When researching this dish, I’ve found that often the recipes have nuts involved. As I mentioned, chestnuts are sometimes used by Cambodian-Chinese families and there are carts in Cambodia that sell roasted chestnuts, usually in the cooler months – or month! – but most Cambodians will use peanuts if they want to use nuts in this dish.
But the most common recipes – which we have gleaned from our ever-expanding community of cooks here – include ingredients such as ginger and star anise rather than nuts.
Tips for Making This Slow Cooked Pork Leg Stew Recipe
One of the keys to making this slow-cooked pork stew recipe is that you need to find a good pork leg with plenty of meat to fat ratio. You do not want to go to the trouble of making this dish to find that 80% of your pork is actually fat – delicious as it is.
While I like to blanch the pork a couple of times to help the skin keep together while cooking, many Thai chefs deep fry the pork to get some decent deep colour on the skin to make it more appealing when serving.
While this is fine, the common Chinese method of using food colouring to get a deeper red colour looks a little silly in a Cambodian context. Cambodians do not do this. Just try to get a good sear of colour – deeper than you’d think – before the stewing process.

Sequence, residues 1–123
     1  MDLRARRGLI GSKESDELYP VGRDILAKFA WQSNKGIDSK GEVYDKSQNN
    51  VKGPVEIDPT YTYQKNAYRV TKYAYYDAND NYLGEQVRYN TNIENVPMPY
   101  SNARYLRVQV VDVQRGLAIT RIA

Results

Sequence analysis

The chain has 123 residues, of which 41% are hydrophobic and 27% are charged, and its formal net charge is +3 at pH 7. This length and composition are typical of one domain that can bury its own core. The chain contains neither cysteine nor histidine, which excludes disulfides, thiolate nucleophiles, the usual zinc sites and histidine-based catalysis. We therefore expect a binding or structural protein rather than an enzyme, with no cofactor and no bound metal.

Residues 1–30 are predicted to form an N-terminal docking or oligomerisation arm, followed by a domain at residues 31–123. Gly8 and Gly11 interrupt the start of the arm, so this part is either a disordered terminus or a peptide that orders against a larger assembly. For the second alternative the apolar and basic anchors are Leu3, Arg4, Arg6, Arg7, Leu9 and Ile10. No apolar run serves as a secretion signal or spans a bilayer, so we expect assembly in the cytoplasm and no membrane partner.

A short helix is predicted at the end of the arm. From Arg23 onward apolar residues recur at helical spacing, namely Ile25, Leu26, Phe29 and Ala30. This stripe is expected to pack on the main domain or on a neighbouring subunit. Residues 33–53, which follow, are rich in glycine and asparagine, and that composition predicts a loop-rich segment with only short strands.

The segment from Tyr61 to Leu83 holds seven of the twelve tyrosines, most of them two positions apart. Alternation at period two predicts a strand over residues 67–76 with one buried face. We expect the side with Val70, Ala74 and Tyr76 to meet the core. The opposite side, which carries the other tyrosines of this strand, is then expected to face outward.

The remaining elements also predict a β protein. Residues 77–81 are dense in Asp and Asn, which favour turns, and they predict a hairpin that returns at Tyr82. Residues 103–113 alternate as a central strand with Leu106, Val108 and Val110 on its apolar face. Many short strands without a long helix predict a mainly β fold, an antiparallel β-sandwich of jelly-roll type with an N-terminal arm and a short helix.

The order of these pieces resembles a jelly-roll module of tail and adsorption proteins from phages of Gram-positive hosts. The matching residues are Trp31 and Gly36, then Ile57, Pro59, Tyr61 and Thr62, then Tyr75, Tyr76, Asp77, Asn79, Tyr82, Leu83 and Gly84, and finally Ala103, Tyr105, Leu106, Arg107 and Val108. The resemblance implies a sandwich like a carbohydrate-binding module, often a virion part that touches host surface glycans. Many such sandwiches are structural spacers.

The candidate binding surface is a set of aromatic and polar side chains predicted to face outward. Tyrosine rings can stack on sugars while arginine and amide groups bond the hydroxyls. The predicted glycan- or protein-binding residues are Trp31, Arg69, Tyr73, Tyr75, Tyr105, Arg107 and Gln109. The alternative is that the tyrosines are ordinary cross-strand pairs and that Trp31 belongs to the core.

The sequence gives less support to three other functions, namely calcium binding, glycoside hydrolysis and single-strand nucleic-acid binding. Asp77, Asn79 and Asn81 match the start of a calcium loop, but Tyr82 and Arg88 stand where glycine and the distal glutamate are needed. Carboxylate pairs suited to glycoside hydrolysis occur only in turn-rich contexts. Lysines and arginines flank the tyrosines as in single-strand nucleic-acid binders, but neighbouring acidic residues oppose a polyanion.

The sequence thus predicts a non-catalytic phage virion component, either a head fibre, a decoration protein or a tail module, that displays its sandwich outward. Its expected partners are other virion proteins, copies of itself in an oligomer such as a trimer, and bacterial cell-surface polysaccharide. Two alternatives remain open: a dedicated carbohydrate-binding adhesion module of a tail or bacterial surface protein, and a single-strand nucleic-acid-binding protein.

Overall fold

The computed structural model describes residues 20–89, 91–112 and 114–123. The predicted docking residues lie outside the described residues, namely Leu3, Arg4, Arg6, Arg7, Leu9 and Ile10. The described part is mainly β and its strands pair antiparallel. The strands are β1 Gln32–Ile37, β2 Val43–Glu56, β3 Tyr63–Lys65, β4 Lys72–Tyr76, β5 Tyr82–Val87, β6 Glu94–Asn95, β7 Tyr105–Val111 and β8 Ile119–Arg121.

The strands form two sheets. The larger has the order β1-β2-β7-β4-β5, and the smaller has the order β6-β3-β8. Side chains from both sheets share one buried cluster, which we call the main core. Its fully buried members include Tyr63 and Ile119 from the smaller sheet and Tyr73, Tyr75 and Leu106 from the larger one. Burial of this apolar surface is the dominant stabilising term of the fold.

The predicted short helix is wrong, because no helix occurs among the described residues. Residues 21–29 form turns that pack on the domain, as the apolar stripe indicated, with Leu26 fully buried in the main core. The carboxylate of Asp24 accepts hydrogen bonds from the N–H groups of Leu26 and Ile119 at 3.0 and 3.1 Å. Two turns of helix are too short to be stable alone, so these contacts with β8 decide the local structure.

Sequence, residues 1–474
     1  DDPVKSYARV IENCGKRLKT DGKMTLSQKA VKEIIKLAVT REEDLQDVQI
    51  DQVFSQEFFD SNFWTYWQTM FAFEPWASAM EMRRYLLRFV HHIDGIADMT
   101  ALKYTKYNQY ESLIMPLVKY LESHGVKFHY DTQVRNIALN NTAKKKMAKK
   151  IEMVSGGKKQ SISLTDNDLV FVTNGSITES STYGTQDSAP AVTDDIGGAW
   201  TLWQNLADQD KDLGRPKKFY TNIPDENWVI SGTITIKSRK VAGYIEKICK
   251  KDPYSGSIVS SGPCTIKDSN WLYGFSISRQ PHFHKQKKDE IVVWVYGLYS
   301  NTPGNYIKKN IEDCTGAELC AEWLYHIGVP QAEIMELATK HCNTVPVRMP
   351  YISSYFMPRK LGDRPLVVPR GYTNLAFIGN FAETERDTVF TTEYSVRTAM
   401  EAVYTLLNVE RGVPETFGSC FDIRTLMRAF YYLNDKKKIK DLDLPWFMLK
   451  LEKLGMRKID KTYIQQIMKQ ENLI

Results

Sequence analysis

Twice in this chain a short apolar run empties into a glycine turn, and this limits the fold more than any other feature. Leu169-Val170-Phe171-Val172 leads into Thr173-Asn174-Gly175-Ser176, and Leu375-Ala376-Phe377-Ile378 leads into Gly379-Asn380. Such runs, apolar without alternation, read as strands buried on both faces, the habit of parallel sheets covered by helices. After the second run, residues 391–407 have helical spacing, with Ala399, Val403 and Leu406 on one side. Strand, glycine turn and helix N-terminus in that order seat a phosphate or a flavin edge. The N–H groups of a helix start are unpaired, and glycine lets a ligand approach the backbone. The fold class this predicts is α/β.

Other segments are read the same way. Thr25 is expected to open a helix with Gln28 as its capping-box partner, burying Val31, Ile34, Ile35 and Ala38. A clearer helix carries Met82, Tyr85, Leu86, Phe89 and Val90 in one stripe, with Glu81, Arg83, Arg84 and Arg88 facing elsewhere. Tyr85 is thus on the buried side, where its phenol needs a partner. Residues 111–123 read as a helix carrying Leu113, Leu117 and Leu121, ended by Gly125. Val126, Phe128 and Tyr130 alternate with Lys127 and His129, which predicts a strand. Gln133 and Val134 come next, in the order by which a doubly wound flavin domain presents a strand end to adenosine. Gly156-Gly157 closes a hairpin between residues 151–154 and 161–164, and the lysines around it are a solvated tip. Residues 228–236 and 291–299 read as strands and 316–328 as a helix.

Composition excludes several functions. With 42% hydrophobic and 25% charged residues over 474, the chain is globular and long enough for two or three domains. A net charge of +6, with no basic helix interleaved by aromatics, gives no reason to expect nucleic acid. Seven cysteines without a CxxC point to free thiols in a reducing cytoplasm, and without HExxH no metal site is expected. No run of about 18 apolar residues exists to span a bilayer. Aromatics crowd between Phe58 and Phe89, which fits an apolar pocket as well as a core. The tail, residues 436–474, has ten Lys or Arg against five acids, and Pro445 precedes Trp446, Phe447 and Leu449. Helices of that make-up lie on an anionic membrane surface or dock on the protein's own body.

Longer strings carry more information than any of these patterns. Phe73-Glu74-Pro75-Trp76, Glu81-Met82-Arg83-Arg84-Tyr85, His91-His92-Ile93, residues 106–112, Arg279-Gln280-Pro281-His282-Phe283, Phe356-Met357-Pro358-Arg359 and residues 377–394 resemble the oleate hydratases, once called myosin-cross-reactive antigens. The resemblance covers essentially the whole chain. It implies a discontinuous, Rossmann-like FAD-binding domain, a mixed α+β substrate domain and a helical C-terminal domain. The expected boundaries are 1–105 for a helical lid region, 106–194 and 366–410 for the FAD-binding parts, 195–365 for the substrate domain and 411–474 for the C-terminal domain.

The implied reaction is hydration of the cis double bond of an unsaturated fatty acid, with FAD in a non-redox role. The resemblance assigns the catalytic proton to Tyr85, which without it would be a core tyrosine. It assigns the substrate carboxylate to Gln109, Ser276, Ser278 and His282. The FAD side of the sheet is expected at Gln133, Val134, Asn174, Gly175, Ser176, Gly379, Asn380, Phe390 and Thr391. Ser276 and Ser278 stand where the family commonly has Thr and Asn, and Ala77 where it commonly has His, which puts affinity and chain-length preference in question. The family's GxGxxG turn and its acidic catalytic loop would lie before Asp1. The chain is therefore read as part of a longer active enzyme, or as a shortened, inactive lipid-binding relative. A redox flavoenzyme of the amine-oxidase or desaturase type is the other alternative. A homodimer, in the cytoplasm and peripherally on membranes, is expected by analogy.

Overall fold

I often find that the meat won’t sit right down in the bottom of the wok evenly to cook, meaning that I need to add extra stock. Lately I’ve been using my Dutch Oven to make the dish and placing a glass saucepan lid on top instead of the Dutch Oven lid so I can see how much stock is left in the oven.
One change I will make to this slow-cooked pork stew recipe compared to what most Cambodian cooks do is to take off a couple of ladles of stock, reduce it down, and pour this over the pork when serving.
Slow Cooked Pork Leg Recipe
- 750 g pork leg and trotter cut into 2 pieces
- 2 tbsp vegetable oil
- 5 garlic cloves chopped
- 1 tsp black pepper whole
- 1 tsp salt
- 1 tbsp fish sauce
- 2 tbsp palm sugar
- 1 tbsp soy sauce
- 1 tsp dark soy sauce
- 5 cm ginger piece sliced
- 2 pieces star anise
- 2 sticks cinnamon
- 1 bunch coriander leaves only
- Blanch the pork legs with boiling water and dry off. Blanch them again after they have cooled off.
- Heat a dutch oven or a wok with a lid. Add the vegetable oil and cook the garlic, ginger, pepper, cinnamon and star anise until they release the aromas.
- Add the pork pieces and cook all over until the skin gets a good colouring.
- Add enough water to cover the pork and add the fish sauce, soy sauces and palm sugar.
- Bring to a boil then reduce to a simmer and cover.
- Cook for at least 90 minutes. Check the seasoning of the reduced sauce and season to taste.
- Remove the pork from the wok or Dutch oven and cover with foil to keep it warm while resting.
- Strain the stock and return to the heat to reduce to taste.
- Serve family-style on a tray and pour over the sauce and sprinkle the coriander leaves over the top.
- Serve with jasmine rice and stir-fried bok choy.
Do let us know if you make this slow-cooked pork stew recipe for khor cheung chrouk as we’d love to know how it turns out for you.